Open Sky for Autism provides special-needs families with lifelike air-travel practice

PACOIMA, Calif. (KABC) -- Taking a family trip can be challenging for any parent - but it can be especially tough for families of children with autism or other special needs. One local company is making things a little easier, by giving parents and kids a lifelike experience on a plane before it ever takes off.

This is 11-year-old Brady Riordan's first Air Hollywood flight. With his family, he checks in and goes through a security checkpoint

His dad, Vince Riordan, keeps a close eye on Brady because he's actually more worried about this flying experience than Brady is.

"There's a lot going on that we have to manage and everything," Riordan said. "And I also have the other worries about him. He is always kind of looking around and darting off."

Brady hasn't been on a plane since he was a baby. He has autism.

Darlene Hanson of Reach Services said, "They're nervous. And if you have autism, oftentimes predictability is a difficult thing."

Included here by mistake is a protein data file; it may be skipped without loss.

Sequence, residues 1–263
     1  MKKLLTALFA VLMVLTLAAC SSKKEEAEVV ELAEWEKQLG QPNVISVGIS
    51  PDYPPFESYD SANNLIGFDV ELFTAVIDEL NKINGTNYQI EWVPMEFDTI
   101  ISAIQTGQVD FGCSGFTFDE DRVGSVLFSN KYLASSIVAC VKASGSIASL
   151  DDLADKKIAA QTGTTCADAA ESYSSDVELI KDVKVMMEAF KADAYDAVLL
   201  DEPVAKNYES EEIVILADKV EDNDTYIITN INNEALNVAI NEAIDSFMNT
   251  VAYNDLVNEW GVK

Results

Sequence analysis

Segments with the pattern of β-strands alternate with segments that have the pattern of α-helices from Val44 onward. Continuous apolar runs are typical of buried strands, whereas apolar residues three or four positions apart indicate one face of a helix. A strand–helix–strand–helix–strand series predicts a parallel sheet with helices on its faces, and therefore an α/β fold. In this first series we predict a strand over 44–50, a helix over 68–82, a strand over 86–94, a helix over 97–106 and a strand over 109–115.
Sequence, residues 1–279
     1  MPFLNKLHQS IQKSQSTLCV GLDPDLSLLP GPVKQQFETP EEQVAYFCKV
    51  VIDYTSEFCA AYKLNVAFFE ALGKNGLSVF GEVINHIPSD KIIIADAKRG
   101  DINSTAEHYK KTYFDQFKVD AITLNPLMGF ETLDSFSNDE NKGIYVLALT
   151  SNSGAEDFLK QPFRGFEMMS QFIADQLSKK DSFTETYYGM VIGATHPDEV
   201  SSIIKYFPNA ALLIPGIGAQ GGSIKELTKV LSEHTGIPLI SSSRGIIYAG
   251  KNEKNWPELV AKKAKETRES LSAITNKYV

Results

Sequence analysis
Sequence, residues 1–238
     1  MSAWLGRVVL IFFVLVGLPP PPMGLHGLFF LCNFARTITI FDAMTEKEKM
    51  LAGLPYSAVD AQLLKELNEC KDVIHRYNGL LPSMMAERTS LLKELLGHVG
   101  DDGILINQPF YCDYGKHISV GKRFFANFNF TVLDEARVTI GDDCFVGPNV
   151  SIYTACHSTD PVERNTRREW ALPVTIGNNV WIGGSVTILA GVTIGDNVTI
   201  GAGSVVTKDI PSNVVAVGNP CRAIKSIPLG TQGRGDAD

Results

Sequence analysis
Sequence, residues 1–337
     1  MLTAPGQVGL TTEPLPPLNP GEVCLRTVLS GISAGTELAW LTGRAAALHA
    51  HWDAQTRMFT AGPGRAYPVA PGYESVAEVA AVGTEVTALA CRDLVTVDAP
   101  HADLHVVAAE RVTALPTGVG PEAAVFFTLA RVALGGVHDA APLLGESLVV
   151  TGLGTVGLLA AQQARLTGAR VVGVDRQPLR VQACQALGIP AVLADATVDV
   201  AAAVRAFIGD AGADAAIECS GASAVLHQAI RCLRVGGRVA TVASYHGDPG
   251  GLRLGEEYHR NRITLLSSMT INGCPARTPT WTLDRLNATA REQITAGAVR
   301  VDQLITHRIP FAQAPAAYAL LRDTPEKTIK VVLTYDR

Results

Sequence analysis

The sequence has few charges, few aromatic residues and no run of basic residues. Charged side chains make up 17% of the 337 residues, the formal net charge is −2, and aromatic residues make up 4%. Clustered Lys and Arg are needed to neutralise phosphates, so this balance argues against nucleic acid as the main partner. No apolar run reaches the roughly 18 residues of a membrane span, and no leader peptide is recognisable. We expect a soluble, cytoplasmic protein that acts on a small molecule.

It all feels real, but it's a simulation courtesy Talaat Captan, owner of Air Hollywood, a famed airplane mock-up studio used in Hollywood movies.

Captan said he once witnessed a child with autism struggle at the airport.

"It was a really challenging day for these people. They had to be turned back and go home and they couldn't fly," Captan said.

So he developed Open Sky for Autism. It's a realistic journey designed for those with special needs and their families.

"If you're going through TSA and you can't take your shoes off today, that's okay," Hanson said, "The family knows then that's what we have to practice. That's what this is about.

After takeoff, the plane hits rough weather. Brady looks around as the plane shakes with turbulence.

Real-life flight attendants, TSA workers and pilots add to the effect. They come here to teach and to learn.

"The families also get an opportunity to learn about the rules and things that can be flexible in the airport and in a flying situation," Hanson said.

Going through security, the in-flight safety demonstrations, and the turbulence are all very important lessons. But probably the most valuable lesson families learn is how to deal with waiting.

"A lot of waiting is very important because we want them to wait," said Captan.

It pays off. Many families report successful travels.

"We realistically want to go to Hawaii some day," Riordan said.

Open Sky for Autism boards four to five times a year and the experience is free. To learn, more go to www.airhollywood.com/events/open-sky-for-autism.
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